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Crystal structure of a DNA Holliday junction

Abstract

DNA recombination is a universal biological event responsible both for the generation of genetic diversity and for the maintenance of genome integrity. A four-way DNA junction, also termed Holliday junction, is the key intermediate in nearly all recombination processes. This junction is the substrate of recombination enzymes that promote branch migration or catalyze its resolution. We have determined the crystal structure of a four-way DNA junction by multiwavelength anomalous diffraction, and refined it to 2.16 Å resolution. The structure has two-fold symmetry, with pairwise stacking of the double-helical arms, which form two continuous B-DNA helices that run antiparallel, cross in a right-handed way, and contain two G-A mismatches. The exchanging backbones form a compact structure with strong van der Waals contacts and hydrogen bonds, implying that a conformational change must occur for the junction to branch-migrate or isomerize. At the branch point, two phosphate groups from one helix occupy the major groove of the other one, establishing sequence-specific hydrogen bonds. These interactions, together with different stacking energies and steric hindrances, explain the preference for a particular junction stacked conformer.

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Figure 1: Global structure of the Holliday junction.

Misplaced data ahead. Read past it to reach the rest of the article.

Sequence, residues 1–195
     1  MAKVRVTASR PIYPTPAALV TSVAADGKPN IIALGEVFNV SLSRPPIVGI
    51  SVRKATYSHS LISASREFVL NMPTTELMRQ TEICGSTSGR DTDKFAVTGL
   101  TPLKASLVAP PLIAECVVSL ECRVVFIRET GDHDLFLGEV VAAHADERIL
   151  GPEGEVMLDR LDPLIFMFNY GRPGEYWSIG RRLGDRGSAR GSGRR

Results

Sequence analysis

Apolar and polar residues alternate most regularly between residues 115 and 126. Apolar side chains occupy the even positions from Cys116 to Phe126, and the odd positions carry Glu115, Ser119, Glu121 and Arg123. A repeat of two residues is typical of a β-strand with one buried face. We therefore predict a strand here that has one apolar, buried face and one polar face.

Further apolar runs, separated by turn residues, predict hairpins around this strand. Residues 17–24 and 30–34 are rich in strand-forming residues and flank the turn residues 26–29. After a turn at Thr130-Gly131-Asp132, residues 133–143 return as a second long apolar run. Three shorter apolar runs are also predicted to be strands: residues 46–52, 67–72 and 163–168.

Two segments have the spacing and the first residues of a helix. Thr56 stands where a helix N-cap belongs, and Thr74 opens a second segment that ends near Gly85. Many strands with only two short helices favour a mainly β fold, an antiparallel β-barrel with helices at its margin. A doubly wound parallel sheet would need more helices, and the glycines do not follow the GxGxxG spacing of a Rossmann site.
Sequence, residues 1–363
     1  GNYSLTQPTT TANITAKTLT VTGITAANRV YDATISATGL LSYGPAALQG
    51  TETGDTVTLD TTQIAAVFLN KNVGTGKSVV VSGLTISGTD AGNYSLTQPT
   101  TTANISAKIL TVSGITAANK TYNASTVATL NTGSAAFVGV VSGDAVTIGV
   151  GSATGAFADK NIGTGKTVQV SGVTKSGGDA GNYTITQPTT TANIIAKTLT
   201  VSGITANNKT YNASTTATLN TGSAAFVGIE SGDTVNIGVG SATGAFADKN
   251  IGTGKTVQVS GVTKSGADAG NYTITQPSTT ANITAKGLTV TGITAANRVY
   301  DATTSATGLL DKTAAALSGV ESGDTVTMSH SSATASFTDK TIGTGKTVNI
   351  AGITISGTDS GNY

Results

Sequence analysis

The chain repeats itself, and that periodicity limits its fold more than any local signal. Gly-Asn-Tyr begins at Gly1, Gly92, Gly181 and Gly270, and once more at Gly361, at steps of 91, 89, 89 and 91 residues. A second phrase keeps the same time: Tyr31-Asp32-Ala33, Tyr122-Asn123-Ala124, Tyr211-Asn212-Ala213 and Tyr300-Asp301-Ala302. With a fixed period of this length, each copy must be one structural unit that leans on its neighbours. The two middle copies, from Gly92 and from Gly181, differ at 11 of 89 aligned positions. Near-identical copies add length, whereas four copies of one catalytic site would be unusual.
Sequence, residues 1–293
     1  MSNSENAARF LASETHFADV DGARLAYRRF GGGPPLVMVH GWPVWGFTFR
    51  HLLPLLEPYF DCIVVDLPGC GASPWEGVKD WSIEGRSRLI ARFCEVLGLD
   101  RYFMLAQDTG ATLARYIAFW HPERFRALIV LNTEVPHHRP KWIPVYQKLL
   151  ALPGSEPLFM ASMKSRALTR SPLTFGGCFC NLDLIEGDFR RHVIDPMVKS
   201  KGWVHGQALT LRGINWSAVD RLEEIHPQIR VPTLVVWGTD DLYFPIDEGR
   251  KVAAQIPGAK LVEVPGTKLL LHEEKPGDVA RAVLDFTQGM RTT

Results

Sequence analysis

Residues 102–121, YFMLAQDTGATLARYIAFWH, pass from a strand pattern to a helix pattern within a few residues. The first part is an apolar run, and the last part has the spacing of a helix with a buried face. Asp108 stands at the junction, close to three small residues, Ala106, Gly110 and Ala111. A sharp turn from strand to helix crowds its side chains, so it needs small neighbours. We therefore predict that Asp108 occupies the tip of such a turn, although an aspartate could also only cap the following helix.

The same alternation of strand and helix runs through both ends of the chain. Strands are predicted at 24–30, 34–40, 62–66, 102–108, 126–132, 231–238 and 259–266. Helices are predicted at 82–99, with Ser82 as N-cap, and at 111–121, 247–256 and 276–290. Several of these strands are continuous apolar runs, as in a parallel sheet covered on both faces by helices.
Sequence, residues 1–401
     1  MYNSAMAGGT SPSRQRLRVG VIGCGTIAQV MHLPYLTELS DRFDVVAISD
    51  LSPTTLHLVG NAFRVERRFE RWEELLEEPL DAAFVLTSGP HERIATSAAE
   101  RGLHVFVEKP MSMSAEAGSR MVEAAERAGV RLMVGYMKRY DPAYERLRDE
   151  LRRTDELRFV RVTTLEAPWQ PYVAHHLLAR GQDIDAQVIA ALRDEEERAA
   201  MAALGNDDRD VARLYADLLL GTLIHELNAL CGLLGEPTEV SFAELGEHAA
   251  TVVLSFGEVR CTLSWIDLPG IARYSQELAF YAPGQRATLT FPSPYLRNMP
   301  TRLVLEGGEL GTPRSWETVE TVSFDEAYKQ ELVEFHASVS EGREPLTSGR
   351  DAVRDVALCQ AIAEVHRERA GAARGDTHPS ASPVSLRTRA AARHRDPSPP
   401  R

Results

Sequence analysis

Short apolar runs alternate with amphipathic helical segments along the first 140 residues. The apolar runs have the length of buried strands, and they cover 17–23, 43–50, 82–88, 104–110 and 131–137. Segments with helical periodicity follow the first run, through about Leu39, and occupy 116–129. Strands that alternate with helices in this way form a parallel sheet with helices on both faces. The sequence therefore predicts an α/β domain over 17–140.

Figure 2: Electron density maps.
Figure 3: Structural details of the four-way junction.
Figure 4: Scheme of the conformational changes required for the four-way junction to migrate or isomerize.

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Acknowledgements

This work was supported by grants from the Ministerio de Educación y Cultura of Spain, the Generalitat de Catalunya, the Centre de Referència en Biotecnologia and the European Union. Synchrotron data collection was supported by the EU program for access to large installations.

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Correspondence to Miquel Coll.

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Ortiz-Lombardía, M., González, A., Eritja, R. et al. Crystal structure of a DNA Holliday junction. Nat Struct Mol Biol 6, 913–917 (1999). https://doi.org/10.1038/13277

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